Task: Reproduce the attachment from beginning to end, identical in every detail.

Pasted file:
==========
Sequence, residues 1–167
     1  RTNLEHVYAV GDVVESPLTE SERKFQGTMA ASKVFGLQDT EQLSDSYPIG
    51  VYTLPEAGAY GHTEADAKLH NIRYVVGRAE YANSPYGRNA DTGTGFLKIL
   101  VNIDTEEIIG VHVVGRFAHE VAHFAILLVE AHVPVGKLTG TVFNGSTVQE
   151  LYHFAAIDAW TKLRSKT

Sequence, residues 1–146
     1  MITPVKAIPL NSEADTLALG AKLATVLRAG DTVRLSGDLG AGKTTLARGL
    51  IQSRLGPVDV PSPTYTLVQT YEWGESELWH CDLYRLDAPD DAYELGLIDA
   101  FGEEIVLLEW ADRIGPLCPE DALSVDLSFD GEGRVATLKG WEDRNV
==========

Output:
Sequence, residues 1–167
     1  RTNLEHVYAV GDVVESPLTE SERKFQGTMA ASKVFGLQDT EQLSDSYPIG
    51  VYTLPEAGAY GHTEADAKLH NIRYVVGRAE YANSPYGRNA DTGTGFLKIL
   101  VNIDTEEIIG VHVVGRFAHE VAHFAILLVE AHVPVGKLTG TVFNGSTVQE
   151  LYHFAAIDAW TKLRSKT

Sequence, residues 1–146
     1  MITPVKAIPL NSEADTLALG AKLATVLRAG DTVRLSGDLG AGKTTLARGL
    51  IQSRLGPVDV PSPTYTLVQT YEWGESELWH CDLYRLDAPD DAYELGLIDA
   101  FGEEIVLLEW ADRIGPLCPE DALSVDLSFD GEGRVATLKG WEDRNV